From the May 26, 2006 Chicago Reader. — J.R.
Army of Shadows
Directed and written by Jean-Pierre Melville
With Lino Ventura, Paul Meurisse, Jean-Pierre Cassel, Simone Signoret, Claude Mann, Paul Crauchet, Christian Barbier, and Serge Reggiani
Around 1971 Jean-Pierre Melville said, “I sometimes read (I am thinking of the reviews after Le Samourai and Army of Shadows), ‘Melville is being Bressonian.’ I’m sorry, but it’s Bresson who has always been Melvillian.”
Melville’s assertion — echoed by critic André Bazin and allegedly by Robert Bresson himself — may seem startling. Melville is best known for his eight noir features, all of them stylish and artificial in a way that seems utterly foreign to the more physical and neorealistic surfaces of Bresson’s work. But these differences are ultimately superficial. What the two filmmakers have in common is much more important: the styles, themes, and philosophical positions of both can be traced directly to their experiences during World War II.
Bresson spent nine months in a German internment camp in 1940-’41, before the occupation of France, and his imprisonment is alluded to in one of his greatest films, A Man Escaped (1956). Melville, born Jean-Pierre Grumbach, joined the resistance in the early 40s — changing his Jewish surname to Cartier and then Melville in homage to Herman Melville — and three of his 13 features, all made after the war, deal with the German occupation. The Silence of the Sea, from 1948, was his first feature, and Leon Morin, Priest, from 1961, was his biggest commercial success. But Army of Shadows, from 1969, is his only film about the resistance. It’s now opening in the U.S. for the first time and playing here at the Music Box. (This English title is vastly superior to two earlier ones, Army in the Shadows and The Shadow Army, because, as critic J. Hoberman points out, the title’s meaning is literal — all the soldiers in this army are doomed.)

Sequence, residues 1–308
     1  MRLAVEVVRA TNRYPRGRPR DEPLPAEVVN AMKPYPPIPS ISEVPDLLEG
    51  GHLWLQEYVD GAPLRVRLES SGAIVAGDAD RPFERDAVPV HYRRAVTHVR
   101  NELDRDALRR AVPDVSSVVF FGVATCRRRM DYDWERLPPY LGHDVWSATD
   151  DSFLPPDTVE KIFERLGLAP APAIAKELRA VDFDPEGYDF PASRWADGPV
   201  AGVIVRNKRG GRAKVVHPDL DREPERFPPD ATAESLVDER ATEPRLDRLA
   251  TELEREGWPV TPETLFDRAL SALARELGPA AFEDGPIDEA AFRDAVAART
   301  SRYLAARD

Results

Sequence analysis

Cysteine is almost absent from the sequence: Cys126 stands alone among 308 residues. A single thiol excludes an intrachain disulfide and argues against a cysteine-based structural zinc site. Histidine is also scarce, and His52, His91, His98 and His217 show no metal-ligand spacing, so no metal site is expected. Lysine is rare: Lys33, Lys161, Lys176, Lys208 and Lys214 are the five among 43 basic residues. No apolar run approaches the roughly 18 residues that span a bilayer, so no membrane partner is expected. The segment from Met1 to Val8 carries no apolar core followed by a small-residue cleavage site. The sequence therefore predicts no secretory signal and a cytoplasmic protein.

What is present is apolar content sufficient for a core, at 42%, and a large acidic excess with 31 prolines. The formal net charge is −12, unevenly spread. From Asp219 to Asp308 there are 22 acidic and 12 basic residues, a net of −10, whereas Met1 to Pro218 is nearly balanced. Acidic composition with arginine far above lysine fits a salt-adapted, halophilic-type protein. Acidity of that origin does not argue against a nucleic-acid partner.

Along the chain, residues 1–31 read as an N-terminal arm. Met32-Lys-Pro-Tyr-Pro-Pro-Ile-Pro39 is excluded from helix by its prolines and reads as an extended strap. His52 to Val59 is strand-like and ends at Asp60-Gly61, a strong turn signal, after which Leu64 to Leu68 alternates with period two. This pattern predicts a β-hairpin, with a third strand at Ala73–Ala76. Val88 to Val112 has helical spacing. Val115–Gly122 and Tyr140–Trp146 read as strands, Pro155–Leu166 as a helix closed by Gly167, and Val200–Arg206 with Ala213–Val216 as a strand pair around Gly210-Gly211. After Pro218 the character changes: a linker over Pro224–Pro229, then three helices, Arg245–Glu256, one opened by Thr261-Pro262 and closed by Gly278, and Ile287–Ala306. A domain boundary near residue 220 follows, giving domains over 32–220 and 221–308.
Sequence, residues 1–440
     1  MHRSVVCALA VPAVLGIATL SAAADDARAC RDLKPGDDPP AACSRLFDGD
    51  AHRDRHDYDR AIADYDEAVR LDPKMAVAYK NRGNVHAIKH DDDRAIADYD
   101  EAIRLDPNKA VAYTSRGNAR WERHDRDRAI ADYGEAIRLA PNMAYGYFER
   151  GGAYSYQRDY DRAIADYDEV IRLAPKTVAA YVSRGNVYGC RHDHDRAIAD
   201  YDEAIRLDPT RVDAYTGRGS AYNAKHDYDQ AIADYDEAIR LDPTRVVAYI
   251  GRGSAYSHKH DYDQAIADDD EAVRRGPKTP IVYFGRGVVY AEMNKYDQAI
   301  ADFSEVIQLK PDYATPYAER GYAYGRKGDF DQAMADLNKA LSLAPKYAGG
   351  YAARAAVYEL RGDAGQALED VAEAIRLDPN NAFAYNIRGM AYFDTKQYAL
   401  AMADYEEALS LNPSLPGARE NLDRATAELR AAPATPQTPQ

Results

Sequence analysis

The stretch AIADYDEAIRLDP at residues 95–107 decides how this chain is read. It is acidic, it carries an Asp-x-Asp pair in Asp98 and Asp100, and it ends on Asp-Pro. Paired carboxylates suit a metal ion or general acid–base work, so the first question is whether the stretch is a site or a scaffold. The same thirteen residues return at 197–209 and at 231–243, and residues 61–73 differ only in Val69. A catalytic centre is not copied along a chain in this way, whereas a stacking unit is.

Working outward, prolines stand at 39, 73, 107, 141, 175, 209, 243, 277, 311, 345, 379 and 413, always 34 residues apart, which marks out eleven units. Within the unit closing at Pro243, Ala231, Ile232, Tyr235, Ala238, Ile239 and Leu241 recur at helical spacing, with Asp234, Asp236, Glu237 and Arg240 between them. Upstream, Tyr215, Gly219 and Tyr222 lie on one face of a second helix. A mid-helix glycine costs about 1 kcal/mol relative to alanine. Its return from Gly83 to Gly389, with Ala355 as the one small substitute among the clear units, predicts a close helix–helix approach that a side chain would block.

The works of Melville and Bresson both are full of despair, but Army of Shadows is devastating. I didn’t even want to admit at first that it’s a great film, but now I think it may be Melville’s best. Part of me has always resisted the macho stoicism of much of Melville’s work as well as the implied hysteria. I’ve also always preferred his black-and-white features to his more dandyish color ones, but here his use of color is so subdued I almost remember the film in black and white. Its two and a half hours chart the increasingly difficult decisions made by a middle-aged resistance leader named Gerbier (Lino Ventura) and his comrades and their ultimately futile consequences. Among other things, they have to decide whether to assassinate a noble and courageous fellow resistance member who’s been captured and tortured by the gestapo — they don’t know whether she’s been broken or not but want to be sure she won’t be. Torture comes up throughout the film, though Melville refuses to show any of it; instead he focuses on some of the results, which are grisly enough.